On Tuesday afternoon, a 29-year-old Uzbek immigrant, Sayfullo Saipov, allegedly drove a rental truck down a bicycle path in Lower Manhattan. Saipov said he was inspired to carry out the attack by the Islamic State.
Eight people — pedestrians and cyclists who were on the path — were killed and at least a dozen were injured before the driver left the vehicle with a paintball gun and pellet gun. A police officer then shot Saipov in the stomach; he's still alive.
In the immediate aftermath of the attack, President Trump responded by calling for policy changes, including ending the Diversity Visa Lottery program.
But are immigration policies the best way to combat terrorism? What other policy approaches fight terror, and what’s effective? Plus, how much power does a president himself have to end attacks in the United States?
On this week's episode of "Can He Do That?" White House reporter David Nakamura helps us answer this critical question: Can Trump keep us safe from terror attacks? Plus,we talk to an expert to learn how terrorist groups recruit and whether the United States can curb those efforts. With an author and professor, we examine the extent to which presidents have power to influence counterterrorism policy and prevent future attacks.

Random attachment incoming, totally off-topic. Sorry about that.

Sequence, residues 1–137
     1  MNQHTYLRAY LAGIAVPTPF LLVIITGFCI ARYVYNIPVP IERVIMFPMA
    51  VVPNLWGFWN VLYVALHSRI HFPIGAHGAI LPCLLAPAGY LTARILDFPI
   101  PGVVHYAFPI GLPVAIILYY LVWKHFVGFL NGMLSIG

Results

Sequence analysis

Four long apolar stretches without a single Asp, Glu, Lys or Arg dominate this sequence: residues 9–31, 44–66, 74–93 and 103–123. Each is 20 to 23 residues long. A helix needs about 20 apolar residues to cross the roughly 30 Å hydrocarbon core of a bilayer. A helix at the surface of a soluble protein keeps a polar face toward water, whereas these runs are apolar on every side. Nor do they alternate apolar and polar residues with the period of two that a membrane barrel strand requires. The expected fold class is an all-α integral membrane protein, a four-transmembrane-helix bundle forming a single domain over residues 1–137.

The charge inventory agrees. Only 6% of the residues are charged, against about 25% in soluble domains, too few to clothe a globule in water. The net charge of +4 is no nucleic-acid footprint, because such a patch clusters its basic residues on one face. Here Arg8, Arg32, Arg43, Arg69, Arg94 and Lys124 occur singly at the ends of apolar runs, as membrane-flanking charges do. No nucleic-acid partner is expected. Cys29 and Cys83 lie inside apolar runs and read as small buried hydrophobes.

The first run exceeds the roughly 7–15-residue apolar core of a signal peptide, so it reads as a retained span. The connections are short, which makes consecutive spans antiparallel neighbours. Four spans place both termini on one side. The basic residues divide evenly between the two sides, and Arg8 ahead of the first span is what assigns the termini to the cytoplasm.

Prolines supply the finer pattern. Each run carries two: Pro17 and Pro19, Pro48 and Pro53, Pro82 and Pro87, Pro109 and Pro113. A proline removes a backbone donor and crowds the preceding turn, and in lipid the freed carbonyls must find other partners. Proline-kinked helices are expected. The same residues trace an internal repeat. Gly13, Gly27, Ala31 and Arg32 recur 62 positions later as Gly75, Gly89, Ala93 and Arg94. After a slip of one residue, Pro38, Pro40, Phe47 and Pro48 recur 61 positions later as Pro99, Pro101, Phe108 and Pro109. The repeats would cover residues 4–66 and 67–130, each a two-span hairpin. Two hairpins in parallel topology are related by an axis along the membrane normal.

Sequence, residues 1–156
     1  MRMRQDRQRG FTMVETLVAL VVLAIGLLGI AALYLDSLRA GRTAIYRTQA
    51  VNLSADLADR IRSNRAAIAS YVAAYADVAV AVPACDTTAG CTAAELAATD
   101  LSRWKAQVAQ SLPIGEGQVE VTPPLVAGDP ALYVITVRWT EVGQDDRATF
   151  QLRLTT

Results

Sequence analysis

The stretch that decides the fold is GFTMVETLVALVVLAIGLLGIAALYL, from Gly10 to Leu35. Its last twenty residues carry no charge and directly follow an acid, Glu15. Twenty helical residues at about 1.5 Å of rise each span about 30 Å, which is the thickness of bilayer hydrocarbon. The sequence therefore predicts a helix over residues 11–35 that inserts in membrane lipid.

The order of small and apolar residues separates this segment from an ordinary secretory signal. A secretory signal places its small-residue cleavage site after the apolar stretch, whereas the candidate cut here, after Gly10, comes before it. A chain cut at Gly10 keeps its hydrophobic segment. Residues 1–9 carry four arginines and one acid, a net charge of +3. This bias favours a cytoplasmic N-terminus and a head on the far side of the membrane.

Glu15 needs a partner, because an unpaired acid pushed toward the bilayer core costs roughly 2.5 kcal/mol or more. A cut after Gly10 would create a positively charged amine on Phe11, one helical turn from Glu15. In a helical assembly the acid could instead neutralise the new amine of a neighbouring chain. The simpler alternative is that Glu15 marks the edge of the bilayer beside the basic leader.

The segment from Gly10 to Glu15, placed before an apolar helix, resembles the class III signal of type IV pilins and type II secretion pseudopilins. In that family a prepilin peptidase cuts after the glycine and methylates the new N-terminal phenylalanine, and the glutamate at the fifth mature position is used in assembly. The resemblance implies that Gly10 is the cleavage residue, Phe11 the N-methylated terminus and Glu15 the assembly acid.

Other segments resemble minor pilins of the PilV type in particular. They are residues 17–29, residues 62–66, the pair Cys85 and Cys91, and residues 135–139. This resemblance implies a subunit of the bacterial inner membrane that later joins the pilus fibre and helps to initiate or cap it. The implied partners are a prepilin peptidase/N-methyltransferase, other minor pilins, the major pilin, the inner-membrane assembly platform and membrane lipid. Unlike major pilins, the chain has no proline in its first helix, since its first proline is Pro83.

Listen to the full episode below.
Each week, “Can He Do That?” examines the powers and limitations of the American presidency, focusing on one area where President Trump is seemingly breaking precedent. We answer the critical questions about what today’s news means for the future of the highest office in the nation.
The Washington Post and Live Nation will bring the “Can He Do That?” podcast to a live audience at the Warner Theatre on Nov. 7. In this live taping, political reporters Bob Woodward, David Fahrenthold and Karen Tumulty will join host Allison Michaels to review the past year in President Trump’s White House and the biggest moments that made people wonder “Can He Do That?” Tickets can be purchased now at Live Nation. Attendees are eligible to receive a free 30-day Basic Digital subscription to The Washington Post.